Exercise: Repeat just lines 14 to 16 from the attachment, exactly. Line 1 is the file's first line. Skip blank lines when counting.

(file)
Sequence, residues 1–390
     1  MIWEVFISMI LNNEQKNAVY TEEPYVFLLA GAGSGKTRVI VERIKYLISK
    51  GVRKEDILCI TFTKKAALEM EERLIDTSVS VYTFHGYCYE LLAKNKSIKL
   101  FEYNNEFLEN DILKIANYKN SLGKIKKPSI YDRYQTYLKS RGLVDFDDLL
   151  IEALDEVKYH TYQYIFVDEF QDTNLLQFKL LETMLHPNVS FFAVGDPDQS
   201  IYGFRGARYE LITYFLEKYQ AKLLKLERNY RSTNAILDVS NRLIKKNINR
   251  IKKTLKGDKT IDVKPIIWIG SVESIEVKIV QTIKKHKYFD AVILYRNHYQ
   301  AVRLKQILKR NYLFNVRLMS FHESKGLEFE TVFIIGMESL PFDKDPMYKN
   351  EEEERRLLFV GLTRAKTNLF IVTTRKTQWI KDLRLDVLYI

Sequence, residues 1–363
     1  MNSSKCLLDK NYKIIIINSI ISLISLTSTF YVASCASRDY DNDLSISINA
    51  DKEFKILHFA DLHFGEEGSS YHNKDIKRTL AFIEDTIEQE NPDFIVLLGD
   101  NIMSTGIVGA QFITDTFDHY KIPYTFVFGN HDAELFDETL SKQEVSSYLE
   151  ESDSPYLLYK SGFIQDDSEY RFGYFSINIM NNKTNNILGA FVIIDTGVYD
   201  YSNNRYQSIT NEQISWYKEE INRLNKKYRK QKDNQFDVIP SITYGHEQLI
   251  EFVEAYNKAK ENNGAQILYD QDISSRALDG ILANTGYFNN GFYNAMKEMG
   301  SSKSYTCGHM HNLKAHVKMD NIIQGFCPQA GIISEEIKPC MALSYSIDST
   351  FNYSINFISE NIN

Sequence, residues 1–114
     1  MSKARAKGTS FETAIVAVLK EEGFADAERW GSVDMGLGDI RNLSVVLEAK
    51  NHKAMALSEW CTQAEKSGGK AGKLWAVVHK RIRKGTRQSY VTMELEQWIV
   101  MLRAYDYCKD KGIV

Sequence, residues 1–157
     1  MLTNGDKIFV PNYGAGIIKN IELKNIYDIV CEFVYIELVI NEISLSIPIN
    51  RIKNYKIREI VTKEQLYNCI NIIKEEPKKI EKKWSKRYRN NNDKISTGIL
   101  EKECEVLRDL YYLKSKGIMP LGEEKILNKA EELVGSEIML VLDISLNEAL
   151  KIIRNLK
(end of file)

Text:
   151  ESDSPYLLYK SGFIQDDSEY RFGYFSINIM NNKTNNILGA FVIIDTGVYD
   201  YSNNRYQSIT NEQISWYKEE INRLNKKYRK QKDNQFDVIP SITYGHEQLI
   251  EFVEAYNKAK ENNGAQILYD QDISSRALDG ILANTGYFNN GFYNAMKEMG